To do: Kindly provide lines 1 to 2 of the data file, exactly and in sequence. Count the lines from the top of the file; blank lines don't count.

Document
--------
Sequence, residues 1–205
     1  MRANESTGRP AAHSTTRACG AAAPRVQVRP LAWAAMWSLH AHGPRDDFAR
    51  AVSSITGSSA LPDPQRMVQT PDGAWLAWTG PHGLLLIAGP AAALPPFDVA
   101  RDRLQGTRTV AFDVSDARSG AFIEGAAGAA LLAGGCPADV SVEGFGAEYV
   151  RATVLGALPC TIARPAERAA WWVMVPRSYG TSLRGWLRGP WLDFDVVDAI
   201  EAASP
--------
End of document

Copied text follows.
Sequence, residues 1–205
     1  MRANESTGRP AAHSTTRACG AAAPRVQVRP LAWAAMWSLH AHGPRDDFAR